World-renowned pianist LANG LANG turns to the composer who has accompanied him throughout his career on his new release for Sony Classical, THE CHOPIN ALBUM. The music of Chopin, universally loved for its beauty and communicative power, has long been a dynamic force in Lang Lang’s life, propelling him through a number of career-defining experiences. Now, in his 30th-birthday year, Lang Lang records his first album entirely devoted to the great composer’s solo piano masterpieces. Chopin "speaks with such a universal voice," says Lang Lang. "I genuinely believe he's a true ambassador for classical music among the greatRead more composers. He appeals to everyone."
One of the first pieces Lang Lang learned was the Grande Valse brillante in E-flat major op. 18 (included on this album), and it was Chopin's music that also carried him through a number of career-changing competitions, including Ettlingen (Germany) in 1994 and the International Tchaikovsky Competition for Young Musicians in Sendai (Japan) in 1995, when he took First Prize performing Chopin's Second Piano Concerto. And it was with the Chopin Etudes that Lang Lang made his now-renowned Beijing Concert Hall recital at age 14 a performance that led to his studying with Gary Graffman at the Curtis Institute in Philadelphia. The Chopin Album includes the second set of Chopin's Etudes (op. 25), the Andante spianato & Grande Polonaise and a selection of shorter works that he has long enjoyed performing, including three Nocturnes and the Waltz op. 64 no. 1, popularly known as the "Minute" Waltz.
R E V I E W:
CHOPIN Etudes, Op. 25. Nocturnes: in F, Op. 15/1; in E?, Op. 55/2; in c?, Op. posth. Waltzes: in E?, Op. 18; in D?, Op. 64/1. Andante Spianato and Grande Polonaise brillante, Op. 22 & • Lang Lang (pn); Oh Land (vocal1) • SONY 88725489603 (74:51)
& 1Tristesse (after Chopin: Etude Op. 10/3)
If you’re reading Fanfare’s piano reviews, chances are you already have a strong opinion about the immensely talented (and immensely controversial) superstar Lang Lang. But just in case you’re new to the pianist, and want to know whether or not to invest in this CD, a good place to start would be the highly interventionist performance of the E-Minor Etude, op. 25/5, with its wide dynamics, its extreme tempo-bending, and its often unusual voicing. If you find this an imaginative take on some overly familiar repertoire, chances are you’ll enjoy the recital as a whole; if, on the other hand, you find it too exhibitionist, too subjective, too willing to hammer home its ideas, you probably won’t find the rest of the recital to your liking either.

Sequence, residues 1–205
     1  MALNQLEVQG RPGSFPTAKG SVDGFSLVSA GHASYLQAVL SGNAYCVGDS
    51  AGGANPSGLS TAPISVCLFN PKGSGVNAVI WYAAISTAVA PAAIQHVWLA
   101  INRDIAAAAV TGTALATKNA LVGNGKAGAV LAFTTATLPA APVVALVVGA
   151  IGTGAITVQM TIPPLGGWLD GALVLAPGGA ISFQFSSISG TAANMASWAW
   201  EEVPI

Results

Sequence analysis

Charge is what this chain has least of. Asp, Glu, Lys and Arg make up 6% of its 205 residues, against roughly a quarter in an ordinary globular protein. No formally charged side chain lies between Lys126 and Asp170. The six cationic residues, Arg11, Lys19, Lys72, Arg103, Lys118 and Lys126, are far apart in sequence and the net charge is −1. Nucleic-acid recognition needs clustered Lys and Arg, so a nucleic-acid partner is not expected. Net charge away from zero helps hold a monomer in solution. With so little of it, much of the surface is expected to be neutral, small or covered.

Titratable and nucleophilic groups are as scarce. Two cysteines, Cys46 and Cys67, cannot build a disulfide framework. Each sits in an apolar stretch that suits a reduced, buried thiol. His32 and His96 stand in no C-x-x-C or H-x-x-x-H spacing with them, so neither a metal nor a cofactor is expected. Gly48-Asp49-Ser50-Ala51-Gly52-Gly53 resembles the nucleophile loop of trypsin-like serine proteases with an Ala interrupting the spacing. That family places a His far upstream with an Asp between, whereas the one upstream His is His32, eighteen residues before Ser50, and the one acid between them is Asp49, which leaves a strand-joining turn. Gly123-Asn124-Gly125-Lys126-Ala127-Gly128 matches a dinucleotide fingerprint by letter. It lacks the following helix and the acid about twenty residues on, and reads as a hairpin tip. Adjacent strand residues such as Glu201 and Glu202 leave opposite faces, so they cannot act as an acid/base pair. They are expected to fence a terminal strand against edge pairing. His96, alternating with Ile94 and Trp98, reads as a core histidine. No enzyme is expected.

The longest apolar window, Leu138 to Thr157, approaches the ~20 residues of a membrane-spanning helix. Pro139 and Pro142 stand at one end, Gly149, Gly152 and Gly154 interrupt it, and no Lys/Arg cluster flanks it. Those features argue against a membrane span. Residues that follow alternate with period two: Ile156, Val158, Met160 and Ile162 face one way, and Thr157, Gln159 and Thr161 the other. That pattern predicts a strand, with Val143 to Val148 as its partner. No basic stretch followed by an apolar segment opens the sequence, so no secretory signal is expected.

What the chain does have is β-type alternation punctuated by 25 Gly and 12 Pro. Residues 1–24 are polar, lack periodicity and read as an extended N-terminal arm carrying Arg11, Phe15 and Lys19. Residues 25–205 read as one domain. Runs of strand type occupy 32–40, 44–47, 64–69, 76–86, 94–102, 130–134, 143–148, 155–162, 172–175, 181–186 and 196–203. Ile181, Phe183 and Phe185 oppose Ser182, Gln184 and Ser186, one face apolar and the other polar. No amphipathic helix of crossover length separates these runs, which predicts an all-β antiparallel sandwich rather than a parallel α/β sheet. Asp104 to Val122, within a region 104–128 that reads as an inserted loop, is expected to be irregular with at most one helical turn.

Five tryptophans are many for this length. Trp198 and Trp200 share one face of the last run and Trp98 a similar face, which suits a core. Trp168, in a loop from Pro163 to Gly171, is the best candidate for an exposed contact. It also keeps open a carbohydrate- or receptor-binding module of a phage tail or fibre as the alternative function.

Granted, not everything is as individual as op. 25/5. Especially after a beguilingly well-spun Andante Spianato, with artfully shaped bel canto lines, the Grande Polonaise is surprisingly stolid in tone, with neither the blazing virtuosity nor the wit that can keep us engaged; the Minute Waltz, too, is a touch pedestrian (certainly, it’s nowhere near as fresh and vital as Anne Marie McDermott’s performance on the revelatory Chopin recital reviewed in Fanfare 35:2). But on the whole, these are deft and personally inflected readings—and given Lang Lang’s virtuosity and his lustrous tone, they generally work well for those not allergic to the overall approach. High spots? The op. 18 Waltz, with its dapper lilt and its imaginative articulation; the chipper, high-stepping account of op. 25/8; op. 25/11, with an arresting treatment of the hush before the onslaught. The engineering is generally good, and as a bonus, we get a snippet from the film The Flying Machine, a song based on op. 10/3—more than a bit treacly, but more faithful to the original than you might expect.
Grande Valse Brillante op. 18, No. 1 in E-flat Major
Nocturne op. post, KK IVa, No. 16 (20a), in C-sharp Minor
Waltz op. 64, No. 1 in D-flat Major
Tristesse (Oh Land version): Tristesse
Tristesse (Oh Land version): Tristesse
Average Customer Review: ( 3 Customer Reviews )
One minor reservatonDecember 7, 2012By Edward B. (Winchester, VA)See All My Reviews"If the artist wants to flack his own composition, as a part of an album otherwise devoted to Chopin, I would suggest a different album title. I had expected a full album of Chopin, and was not impressed with the "sneak preview" or paying for it."Report Abuse
Beautiful!!November 28, 2012By Judith R. (Bronxville, NY)See All My Reviews"Beautiful from start to finish. Lang Lang is a sensitive, moving performer."Report Abuse
Perfect for any occasionNovember 10, 2012By Breanna D. See All My Reviews"This high quality album is perfect for any moment: alone, with friends, as the main point of focus or in the background of a conversation. The pieces' range of dynamics are impressive. Makes me want to get up and get back to my classical ballerina days. You can almost see the dancing going along with the music."Report Abuse